Friday, December 9, 2011

There Are No Hacks

For a while now I've been searching for a hack that might help me lose weight faster. I've occasionally found something that seemed to speed it up slightly like the Leptin Reset but that tapered off. I should digress for a moment and point out that I realize the Leptin Reset is about more than just fast weight loss, it's about addressing a myriad of metabolic and hormonal issues that might impact someone in many ways one of which is weight gain. It's also about gaining Leptin Sensitivity which should help with longer term weight loss. Low carb/Primal didn't really speed things up substantially (although I do like it as a WOE and I think it's an easier diet in many ways due to increased satiety) neither did Intermittent Fasting or a Ketogenic diet although I think IF is a useful tool and is something I will consider using at the right time. Ketogenic diets don't seem to offer a metabolic advantage and beyond treating some symptoms of various diseases is probably not that relevant to me. So I'm struck by the sad realization that it's just a long slow haul and it really all comes down to will power. I knew this already, it's not like I thought we could throw the laws of thermodynamics out the window, but I did hope for an approach that would help with satiety and perhaps result in some greater utilization of fat stores. Hey, losing 100 lb is hard, was hoping for a little bit of help.

On the flip side is exercise where I also explored what are the best options to help me lose weight through exercise in the most efficient manner. It's not like I wasn't expecting to do plenty of hard work, I have no problem with working up a sweat, but surely there are some approaches that result in optimal body re-composition. I've looked at fasted HIIT but it seems like it's most effective for those with > 35% BF or < 15% BF, go figure. Of course, sprinting is a good choice, so is HIIT but doing it fasted doesn't seem to offer much benefit unless you're really fat or really thin. It IS good to lift weights, helps retain lean body mass (you can even build a little while in calorie deficit if you are really fat or a beginner - I might be past that stage now) and has lots of other great side-effects, sadly weight loss isn't one of them. It's good to do cardiovascular exercise as well, sprinting or HIIT as I mentioned but we're back to burn some calories, hit the gym, spent 45 minutes on the elliptical, go for a run, play some racquetball and so on. Not exactly exciting and motivational, I've been doing that shit my whole life.

I've been considering some less exotic options to help me progress such as a juice fast, trying IF again perhaps a couple of days a week or increase my calorie burn substantially to thousands of exercise calories a week, maybe all of the above. I like this post on breaking a plateau:

I've made the same observations that a big change is often needed to break a plateau. Whether this has a physiological affect or just a psychological one I have no idea. My point is, I'm willing to try just about anything to shift the weight and reach my goals. I recognize that it's very hard to keep up a sustained high level of will power and motivation especially in the face of very slow results. Using different approaches helps maintain that momentum at least for me. Many people, especially dieticians and doctors would hear that and say "you need to eat a balanced, sustainable diet that will work in the long run", I don't agree. The reality is, every health marker is generally improved by losing weight, in fact, I suspect you're be better of losing weight on the twinkie diet if it meant losing more weight than you would by following a standard "healthy" weight loss plan, provided of course you transition to a healthier long term diet. There of course is the critical point but in my case, I've experimented so much with my diet, I track everything I eat and do and so I could easily transition from a slightly more extreme diet to a "normal" diet. I'm not saying I'm starting a juice fast tomorrow but I do have a different perspective on how to lose the rest of this weight and that is, just lose it anyway I can, I can maintain the lower weight, it's getting there that's a bitch.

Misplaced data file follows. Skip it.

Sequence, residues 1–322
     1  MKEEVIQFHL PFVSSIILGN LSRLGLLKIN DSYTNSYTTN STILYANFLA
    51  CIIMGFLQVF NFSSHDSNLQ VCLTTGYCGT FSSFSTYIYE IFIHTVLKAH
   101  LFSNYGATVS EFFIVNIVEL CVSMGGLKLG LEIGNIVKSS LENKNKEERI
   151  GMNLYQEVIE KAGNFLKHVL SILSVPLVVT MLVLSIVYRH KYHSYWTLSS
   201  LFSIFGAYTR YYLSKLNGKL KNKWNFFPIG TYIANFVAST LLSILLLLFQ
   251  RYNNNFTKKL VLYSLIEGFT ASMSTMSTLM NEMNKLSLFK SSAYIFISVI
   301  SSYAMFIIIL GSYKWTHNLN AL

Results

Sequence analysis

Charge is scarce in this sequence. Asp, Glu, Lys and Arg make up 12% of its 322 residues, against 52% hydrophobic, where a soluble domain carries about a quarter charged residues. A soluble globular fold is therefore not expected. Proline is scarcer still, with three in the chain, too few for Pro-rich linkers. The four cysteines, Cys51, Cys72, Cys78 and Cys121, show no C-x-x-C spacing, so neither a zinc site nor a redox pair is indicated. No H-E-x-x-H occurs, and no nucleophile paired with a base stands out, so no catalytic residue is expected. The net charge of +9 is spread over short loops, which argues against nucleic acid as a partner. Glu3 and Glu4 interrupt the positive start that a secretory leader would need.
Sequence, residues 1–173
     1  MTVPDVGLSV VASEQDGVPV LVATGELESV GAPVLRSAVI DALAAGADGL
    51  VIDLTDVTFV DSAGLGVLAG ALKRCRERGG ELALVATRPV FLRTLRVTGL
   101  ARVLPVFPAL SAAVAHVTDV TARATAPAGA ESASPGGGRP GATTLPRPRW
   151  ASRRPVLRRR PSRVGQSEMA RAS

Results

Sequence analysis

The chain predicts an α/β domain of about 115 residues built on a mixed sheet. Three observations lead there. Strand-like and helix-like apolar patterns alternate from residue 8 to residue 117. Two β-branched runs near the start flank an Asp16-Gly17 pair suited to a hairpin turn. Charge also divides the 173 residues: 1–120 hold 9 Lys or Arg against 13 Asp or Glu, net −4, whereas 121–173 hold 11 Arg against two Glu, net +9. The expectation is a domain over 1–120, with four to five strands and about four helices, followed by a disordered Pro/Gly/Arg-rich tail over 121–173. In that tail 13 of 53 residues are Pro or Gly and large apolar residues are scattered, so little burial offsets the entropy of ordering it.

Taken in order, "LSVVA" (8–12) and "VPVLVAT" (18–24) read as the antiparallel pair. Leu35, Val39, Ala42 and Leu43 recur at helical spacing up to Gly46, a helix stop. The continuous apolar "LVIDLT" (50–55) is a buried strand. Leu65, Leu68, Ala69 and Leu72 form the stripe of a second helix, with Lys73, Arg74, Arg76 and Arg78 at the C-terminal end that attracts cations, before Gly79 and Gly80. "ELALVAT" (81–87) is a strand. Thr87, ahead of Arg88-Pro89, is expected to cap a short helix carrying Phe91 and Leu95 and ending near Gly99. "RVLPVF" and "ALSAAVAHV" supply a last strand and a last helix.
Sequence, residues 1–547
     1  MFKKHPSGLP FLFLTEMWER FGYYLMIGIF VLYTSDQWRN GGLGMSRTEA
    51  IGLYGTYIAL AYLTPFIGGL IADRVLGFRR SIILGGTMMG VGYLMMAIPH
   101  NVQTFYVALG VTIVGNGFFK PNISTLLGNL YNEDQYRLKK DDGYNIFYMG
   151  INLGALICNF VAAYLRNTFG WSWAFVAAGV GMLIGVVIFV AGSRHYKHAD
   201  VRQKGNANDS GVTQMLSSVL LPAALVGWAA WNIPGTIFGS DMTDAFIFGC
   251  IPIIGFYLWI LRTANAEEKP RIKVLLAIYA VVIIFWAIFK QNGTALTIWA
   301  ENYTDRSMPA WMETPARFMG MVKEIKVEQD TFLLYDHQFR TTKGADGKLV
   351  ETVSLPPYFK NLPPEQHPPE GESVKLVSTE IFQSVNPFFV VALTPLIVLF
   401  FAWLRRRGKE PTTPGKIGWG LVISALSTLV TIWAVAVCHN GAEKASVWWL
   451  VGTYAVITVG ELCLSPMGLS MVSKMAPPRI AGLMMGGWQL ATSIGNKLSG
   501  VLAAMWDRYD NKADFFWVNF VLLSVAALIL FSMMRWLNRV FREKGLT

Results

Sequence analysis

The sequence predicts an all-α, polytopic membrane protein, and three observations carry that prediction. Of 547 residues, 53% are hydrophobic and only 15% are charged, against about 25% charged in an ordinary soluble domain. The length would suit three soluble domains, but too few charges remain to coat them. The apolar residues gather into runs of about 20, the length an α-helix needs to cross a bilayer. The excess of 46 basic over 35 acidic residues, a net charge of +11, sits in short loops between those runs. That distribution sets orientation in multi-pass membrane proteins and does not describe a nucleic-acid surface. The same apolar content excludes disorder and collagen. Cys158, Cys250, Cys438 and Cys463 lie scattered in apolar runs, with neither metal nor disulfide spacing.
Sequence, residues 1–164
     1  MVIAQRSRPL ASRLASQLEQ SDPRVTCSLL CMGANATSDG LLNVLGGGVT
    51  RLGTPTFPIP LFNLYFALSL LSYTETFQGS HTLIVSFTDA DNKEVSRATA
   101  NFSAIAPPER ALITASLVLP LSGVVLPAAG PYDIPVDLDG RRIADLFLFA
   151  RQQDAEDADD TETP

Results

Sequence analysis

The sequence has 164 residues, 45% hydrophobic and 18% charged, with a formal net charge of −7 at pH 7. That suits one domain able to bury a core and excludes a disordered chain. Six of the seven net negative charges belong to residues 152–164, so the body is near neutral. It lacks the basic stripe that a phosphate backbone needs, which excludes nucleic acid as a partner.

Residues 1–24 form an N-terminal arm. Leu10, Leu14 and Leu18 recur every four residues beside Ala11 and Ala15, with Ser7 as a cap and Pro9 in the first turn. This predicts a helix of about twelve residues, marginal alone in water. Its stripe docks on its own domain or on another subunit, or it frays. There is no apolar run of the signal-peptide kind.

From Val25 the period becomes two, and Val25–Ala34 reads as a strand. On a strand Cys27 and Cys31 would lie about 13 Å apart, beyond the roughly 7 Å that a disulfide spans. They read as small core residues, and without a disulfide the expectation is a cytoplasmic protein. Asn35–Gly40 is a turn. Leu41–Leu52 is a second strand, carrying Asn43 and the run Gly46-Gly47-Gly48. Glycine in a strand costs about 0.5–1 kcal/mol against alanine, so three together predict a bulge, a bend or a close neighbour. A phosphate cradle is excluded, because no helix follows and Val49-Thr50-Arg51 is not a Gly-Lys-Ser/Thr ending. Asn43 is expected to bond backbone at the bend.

The exploration is not over it's not like science has uncovered all nutritional mysteries or that my interpretation couldn't be flawed just that what I've discovered so far is that when it comes to weight loss there is no free lunch. There are no hacks (well, no good ones) and it all comes down to how badly you want it. I don't regret what I've experimented with and learned thus far, it's helped me lose 55 lb and drop to 25% body fat, that's not a bad effort. It's just that now I am having to get my head around the fact that I'm faced with a long haul of dieting and exercise. As I said, I never expected it to be easy but I suppose I was hoping for at least a change of scenery.

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